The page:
Tropical cyclones and other extreme coastal storms cause widespread interruption and damage to meteorological and hydrological measurement stations exactly when researchers need them most. There is a longstanding need to collect collocated and synchronized measurements in areas where storms severely damage civil/coastal infrastructure. To fill this observational gap, researchers led by author Masters developed a state-of-the-art monitoring station called a “Sentinel.” Sentinels are intended for temporary installation on the beach between the mean tidal datum and the sand dunes and are engineered to operate in and measure extreme wind, storm surge, wave, and hazardous water quality conditions. They are envisioned as a shared-use resource—a hardened Internet of Things platform set up in the right place at the right time to study wind and wave loads, coastal erosion and morphology changes, water quality, and other processes during extreme coastal storms.
In 2021, a fully functional prototype Sentinel (Mark I) was designed and built through internal support and industry contributions. The structure is engineered to survive a design wind load of 90 m s–1 (3 sec gust measured at 10 m above ground level) in marine exposure, 5 m breaking waves in 5 m still water with a wave celerity (the propagation speed of a wave crest or trough) of 6.7 m s–1, and 1 m of combined erosion and pile scour. The structure anchors to the beach using four 200 mm diameter steel helical piles driven by a hydraulic auger. The piles are segmented such that four sections can reach an embedment depth of 6 m for the worst-case design load. The piles support an adjustable aluminum alloy “crossbeam” pier cap that in turn supports a 10 m tall carbon fiber mast. Three-dimensional wind velocity, mast tilt, atmospheric pressure, temperature, and humidity data are collected at 10 Hz at the top of the mast, along with video. The upper instrumentation package makes up the “nerve center” for the system and includes a data logger and cell modem. The base houses batteries and a wave/water depth, temperature, and salinity sensor (sampled at up to 5 Hz) that connects to the upper instrumentation package. Figure 1b shows the Mark I design. A field test was completed in October 2021 (Figure 1a) to identify logistical challenges and areas for improvement in future Sentinel versions.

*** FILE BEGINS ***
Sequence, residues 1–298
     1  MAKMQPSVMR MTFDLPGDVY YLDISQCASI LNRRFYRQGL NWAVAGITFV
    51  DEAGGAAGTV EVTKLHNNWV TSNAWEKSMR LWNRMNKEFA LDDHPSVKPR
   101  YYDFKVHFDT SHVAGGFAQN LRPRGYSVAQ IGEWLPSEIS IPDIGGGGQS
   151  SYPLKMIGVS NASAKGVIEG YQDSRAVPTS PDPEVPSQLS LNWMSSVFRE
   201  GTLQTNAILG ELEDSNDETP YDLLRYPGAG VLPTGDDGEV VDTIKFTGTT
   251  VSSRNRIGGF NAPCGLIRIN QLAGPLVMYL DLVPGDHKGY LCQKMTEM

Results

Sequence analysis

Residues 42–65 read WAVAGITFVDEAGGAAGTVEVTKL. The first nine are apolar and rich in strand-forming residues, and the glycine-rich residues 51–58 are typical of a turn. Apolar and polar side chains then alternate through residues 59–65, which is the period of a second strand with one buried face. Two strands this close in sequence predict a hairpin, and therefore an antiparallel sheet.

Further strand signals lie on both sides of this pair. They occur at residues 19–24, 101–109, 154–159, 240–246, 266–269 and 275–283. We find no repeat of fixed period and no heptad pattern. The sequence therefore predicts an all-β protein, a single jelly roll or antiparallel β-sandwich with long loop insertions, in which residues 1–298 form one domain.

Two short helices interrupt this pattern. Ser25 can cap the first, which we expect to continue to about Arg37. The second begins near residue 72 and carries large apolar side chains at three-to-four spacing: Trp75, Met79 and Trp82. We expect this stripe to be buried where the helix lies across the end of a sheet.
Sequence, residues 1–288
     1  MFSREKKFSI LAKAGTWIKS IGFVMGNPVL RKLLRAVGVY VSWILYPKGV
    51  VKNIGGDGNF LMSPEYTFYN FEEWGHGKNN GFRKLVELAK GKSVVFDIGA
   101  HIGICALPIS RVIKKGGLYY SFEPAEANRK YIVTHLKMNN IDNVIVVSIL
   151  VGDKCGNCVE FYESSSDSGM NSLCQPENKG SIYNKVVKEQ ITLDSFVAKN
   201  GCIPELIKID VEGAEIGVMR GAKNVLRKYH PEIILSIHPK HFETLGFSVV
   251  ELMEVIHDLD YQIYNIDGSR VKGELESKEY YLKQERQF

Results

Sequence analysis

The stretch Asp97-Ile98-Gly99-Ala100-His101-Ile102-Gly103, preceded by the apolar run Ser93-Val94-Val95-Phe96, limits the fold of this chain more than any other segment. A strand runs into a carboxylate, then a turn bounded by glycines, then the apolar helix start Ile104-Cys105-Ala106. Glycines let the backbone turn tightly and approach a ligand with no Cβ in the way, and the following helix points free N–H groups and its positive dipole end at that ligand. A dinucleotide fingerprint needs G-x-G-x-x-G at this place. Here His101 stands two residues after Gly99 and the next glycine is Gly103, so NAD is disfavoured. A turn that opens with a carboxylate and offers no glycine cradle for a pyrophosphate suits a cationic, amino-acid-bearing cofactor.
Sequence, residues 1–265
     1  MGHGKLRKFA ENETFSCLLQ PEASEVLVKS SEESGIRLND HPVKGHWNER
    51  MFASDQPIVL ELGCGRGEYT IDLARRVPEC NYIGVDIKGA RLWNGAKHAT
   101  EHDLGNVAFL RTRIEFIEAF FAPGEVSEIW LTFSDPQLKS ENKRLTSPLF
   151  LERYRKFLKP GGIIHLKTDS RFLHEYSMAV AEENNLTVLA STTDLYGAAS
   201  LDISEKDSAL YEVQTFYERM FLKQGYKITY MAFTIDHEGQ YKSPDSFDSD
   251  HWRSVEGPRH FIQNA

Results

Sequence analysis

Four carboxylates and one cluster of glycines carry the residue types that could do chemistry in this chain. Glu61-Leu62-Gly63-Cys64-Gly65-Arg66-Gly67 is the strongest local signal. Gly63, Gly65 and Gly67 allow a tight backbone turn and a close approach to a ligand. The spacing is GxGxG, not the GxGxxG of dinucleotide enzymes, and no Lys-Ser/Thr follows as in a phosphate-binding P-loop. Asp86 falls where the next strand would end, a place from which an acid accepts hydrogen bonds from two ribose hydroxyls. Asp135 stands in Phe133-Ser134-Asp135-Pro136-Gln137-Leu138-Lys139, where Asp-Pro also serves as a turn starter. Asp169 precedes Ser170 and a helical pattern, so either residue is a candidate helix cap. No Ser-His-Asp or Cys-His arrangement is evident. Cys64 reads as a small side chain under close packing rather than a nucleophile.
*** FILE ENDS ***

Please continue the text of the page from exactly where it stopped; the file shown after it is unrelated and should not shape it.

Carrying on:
FIGURE 1. (a) Field installation of a prototype. (b) Mark I Sentinel design. > High res figure
In 2022, authors Phillips, Masters, Raubenheimer, Olabarrieta, Morrison (co-PI), Ferraro, and Davis received a National Science Foundation (NSF) Major Research Instrumentation (MRI) award to support the design of a Mark II Sentinel and the commissioning of a fleet of six Mark II Sentinels. Mark II will improve on Mark I in several key areas: (1) the deployment conditions will expand beyond tropical cyclones, (2) the pile installation system will accommodate non-cohesive and cohesive soils as well as layers of harder geomaterial, (3) the structural loads will be revisited through field and laboratory studies, (4) the structural design will be further optimized to reduce weight and installation time, and (5) additional sensor packages will be explored for measuring erosion, water current, and a suite of water quality parameters. Design work on the Mark II is underway.